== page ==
Apollo 11 Saturn V and Mobile Service Structure at pad | Source: Project Apollo Archives via Wikimedia Commons
Last Tuesday, Amazon founder and the world’s richest man Jeff Bezos literally took travel to out-of-this-world proportions when he blasted off into space with a rocket-powered spacecraft developed by his private aerospace company called Blue Origin. Joining Bezos were three other passengers that included an 18-year-old Dutch high school graduate whose father paid for the ticket ride to outer space.
Bezos and crew traveled three times the speed of sound aboard “New Shepard,” a vertical-takeoff and vertical landing suborbital rocket system named after Alan Shepard, the first American astronaut to travel into space. The flight – which reached an altitude of 66.5 miles (over 351,000 feet) above the earth and took 11 minutes that included about 3-4 minutes of zero gravity as the passengers floated weightless around the capsule – was a historic milestone in more ways than one.
Aside from the fact that it was the company’s first human space flight with no trained astronauts on board as the crew was only composed of private individuals (who officially became “astronauts” the minute they went past the “Karman Line” – the internationally recognized boundary of space), the supersonic ride showed the endless possibilities of space travel and exploration with private companies driving the surge. Nine days before the New Shepard flight, Virgin Galactic’s Richard Branson, accompanied by two pilots and three employees, soared into space aboard a rocket plane known as VSS Unity but reaching a much lower height of 53 miles.
” … Bezos has been focusing his efforts on Blue Origin, whose long-term vision of “enabling a future where millions of people are living and working in space to benefit Earth”
Bezos deliberately chose July 20 to coincide with the 52nd anniversary of Apollo 11’s landing on the moon, which fascinated him as a boy. His passion for space was also influenced by his maternal grandfather, who worked on space technology and missile defense systems with the Atomic Energy Commission, with whom Bezos spent summers during his childhood. In fact, he even went on an expedition to recover parts of the Apollo Saturn V rocket engines from the depths of the Atlantic.
Not too long ago, I met Jeff Bezos at a fundraising event in the Washington Hilton where people who knew the multibillionaire well described him as a die-hard Trekkie – the term for the fans of Star Trek, an American science fiction series about a space exploration vessel. Bezos is also our neighbor at the Kalorama district in Washington, DC, where he bought three houses and combined them.
Since stepping down as CEO of Amazon, Bezos has been focusing his efforts on Blue Origin, whose long-term vision of “enabling a future where millions of people are living and working in space to benefit Earth” and the belief that “humanity will need to expand, explore, find new energy and material resources and move industries that stress Earth into space” has been largely influenced by the late Princeton University physics professor Gerard O’Neill.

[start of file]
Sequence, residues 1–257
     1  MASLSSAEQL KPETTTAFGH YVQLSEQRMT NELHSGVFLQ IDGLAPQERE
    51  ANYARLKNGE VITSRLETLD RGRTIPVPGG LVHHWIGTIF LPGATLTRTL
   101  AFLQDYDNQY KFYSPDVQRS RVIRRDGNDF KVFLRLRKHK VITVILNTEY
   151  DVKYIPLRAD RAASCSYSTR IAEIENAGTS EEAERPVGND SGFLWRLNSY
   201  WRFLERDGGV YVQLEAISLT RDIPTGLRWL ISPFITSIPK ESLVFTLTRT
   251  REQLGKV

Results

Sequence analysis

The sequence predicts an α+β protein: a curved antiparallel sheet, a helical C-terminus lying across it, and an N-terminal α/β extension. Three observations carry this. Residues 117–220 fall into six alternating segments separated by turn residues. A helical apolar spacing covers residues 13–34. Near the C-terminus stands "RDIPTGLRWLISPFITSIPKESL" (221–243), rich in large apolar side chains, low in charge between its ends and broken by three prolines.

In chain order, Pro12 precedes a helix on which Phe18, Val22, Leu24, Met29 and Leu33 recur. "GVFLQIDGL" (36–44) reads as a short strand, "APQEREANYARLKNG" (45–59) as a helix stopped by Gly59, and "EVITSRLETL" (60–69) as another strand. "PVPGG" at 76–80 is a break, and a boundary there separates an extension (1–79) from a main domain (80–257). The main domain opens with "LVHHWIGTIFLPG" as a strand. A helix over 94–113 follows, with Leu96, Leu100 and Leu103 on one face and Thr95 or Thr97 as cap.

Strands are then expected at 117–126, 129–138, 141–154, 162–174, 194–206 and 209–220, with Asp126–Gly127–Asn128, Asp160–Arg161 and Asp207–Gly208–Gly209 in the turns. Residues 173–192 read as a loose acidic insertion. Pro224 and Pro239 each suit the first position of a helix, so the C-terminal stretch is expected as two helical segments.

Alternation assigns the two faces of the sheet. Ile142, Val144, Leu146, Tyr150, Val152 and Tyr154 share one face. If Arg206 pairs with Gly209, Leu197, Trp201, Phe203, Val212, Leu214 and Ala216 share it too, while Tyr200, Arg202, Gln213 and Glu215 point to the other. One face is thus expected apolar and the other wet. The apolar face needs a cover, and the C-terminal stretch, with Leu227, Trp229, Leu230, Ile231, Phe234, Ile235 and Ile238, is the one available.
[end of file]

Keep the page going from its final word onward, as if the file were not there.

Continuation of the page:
O’Neill, who wanted to be an astronaut but didn’t make the cut when NASA opened up the Astronaut Corps to civilian scientists in 1966, believed in the great potential of the US space program. In a paper titled “The Colonization of Space,” published in the September 1974 issue of Physics Today, O’Neill argued that “we can colonize space and do so without robbing or harming anyone and without polluting anything. If work is begun soon, nearly all our industrial activity could be moved away from Earth’s fragile biosphere within less than a century from now.”
Space technology has indeed grown by leaps and bounds ever since President John F. Kennedy made that famous “moon speech” on Sept. 12, 1962, at Rice University in Houston, Texas. “The exploration of space will go ahead, whether we join in it or not, and it is one of the great adventures of all time, and no nation which expects to be the leader of other nations can expect to stay behind in the race for space,” JFK said, making it clear that the US intends to take the lead in spaceflight.
When JFK addressed a special joint session of Congress in May 1961 asking for funds to achieve the ambitious goal of “landing a man on the moon” before the decade was out, he laid out the foundation for the Apollo program – a challenging endeavor captured in the most famous passage of his moon speech: “We choose to go to the moon in this decade and do the other things, not because they are easy, but because they are hard, because that goal will serve to organize and measure the best of our energies and skills, because that challenge is one that we are willing to accept, one we are unwilling to postpone, and one which we intend to win, and the others, too.”
” … don’t be surprised if people will soon migrate to Mars or even the moon. This may sound literally “out of this world” today, but make no mistake about it – it will happen.”
There is absolutely no doubt that the US continues to be the leader in space exploration. American billionaires like Bezos are powering the research engine on innovation and technology to progress. President Joe Biden’s decision to continue the National Space Council to assist in “generating national space policies, strategies and synchronizing America’s space activities” and address priorities such as space-related science and technologies as well as space exploration might just propel out-of-this-world ideas envisioned by Jeff Bezos – such as floating space colonies where people can live in orbit – into future reality.
With the COVID-19 pandemic and more future lethal viruses, don’t be surprised if people will soon migrate to Mars or even the moon. This may sound literally “out of this world” today, but make no mistake about it – it will happen.